Looking back at the Olympics 1896-1904Comments
The first modern Olympic Games was held in Athens. According to the International Olympic Committee, 14 countries took part although exactly which countries remains a matter of debate. What is known is that host country Greece won the most medals, while the USA collected the most ‘gold’ medals, although at the time winners were presented with a silver medal, an olive branch and a certificate. The most successful athlete was Germany’s Carl Schuhmann (see picture below, Shuhmann on the left) who won the individual horse vault and wrestling as well as the team horizontal and parallel bar events. Local favourite Louis Spiridon became a Greek national hero by winning the marathon.
Women were allowed to compete for the first time in 1900 and tennis player Charlotte Cooper of Great Britain (see photo, right) was the first woman to win an Olympic event. The games included some sports such as underwater swimming, tug-of-war and cricket for the first and only time in Olympic history.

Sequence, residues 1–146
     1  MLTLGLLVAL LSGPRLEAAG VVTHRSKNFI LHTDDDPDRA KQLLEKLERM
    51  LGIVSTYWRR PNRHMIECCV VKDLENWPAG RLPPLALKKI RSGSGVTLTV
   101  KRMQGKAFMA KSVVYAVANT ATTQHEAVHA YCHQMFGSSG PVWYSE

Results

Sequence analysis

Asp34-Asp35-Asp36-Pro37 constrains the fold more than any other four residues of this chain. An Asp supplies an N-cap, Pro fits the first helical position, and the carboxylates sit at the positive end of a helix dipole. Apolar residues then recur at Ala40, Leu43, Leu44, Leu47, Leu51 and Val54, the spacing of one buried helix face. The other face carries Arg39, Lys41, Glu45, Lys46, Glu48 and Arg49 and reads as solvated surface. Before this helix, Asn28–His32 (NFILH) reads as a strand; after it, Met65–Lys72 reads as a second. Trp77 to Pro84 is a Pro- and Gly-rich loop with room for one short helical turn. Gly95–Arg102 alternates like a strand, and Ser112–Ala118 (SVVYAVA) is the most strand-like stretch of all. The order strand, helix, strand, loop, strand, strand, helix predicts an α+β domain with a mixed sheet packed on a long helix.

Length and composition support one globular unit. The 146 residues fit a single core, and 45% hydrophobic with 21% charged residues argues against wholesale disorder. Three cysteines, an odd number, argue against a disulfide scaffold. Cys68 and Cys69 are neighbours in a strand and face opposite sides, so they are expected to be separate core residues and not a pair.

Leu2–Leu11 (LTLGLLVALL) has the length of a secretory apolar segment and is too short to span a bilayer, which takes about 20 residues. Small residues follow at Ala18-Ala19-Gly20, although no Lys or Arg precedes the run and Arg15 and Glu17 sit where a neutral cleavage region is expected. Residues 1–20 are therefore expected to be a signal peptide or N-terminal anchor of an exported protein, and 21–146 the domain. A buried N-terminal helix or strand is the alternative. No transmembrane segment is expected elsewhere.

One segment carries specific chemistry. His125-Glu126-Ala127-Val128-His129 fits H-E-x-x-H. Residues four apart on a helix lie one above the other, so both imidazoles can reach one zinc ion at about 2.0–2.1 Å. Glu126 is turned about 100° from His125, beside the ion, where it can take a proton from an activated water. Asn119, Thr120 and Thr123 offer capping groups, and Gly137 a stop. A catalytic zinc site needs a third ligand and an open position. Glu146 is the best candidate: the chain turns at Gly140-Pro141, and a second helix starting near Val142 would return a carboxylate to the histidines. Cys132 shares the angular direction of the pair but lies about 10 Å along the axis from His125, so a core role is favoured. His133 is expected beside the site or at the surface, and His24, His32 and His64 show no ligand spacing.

With the Games being part of the World’s Fair, events were spread out over a period of five months and many were not officially named ‘Olympic’, a fact that meant some competitors did not realise they were taking part in the Olympic Games. The performer of the Games was Alvin Kraenzlein of the USA, who won the 60 metre sprint, the 110 and 200 metre hurdles and the long jump.
ST LOUIS 1904
Like in Paris, the Games were held over a period of several months as part of the World’s Fair. That did little for the Olympic ‘brand’, along with the fact that many international athletes were unable to make the long and difficult journey to Missouri. This was the first Games in which Gold, Silver and Bronze medals were given to the top three competitors in each event. The USA finished with 239 medals, 226 more than second in the medal table, Germany. American gymnast George Eyser won six medals despite having a wooden leg, and his compatriot Archie ‘The Milwaukee Meteor’ Hahn won the 60, 100 and 200 metre sprints. In the latter, he set an Olympic record of 21.6 seconds that would not be broken for 28 years.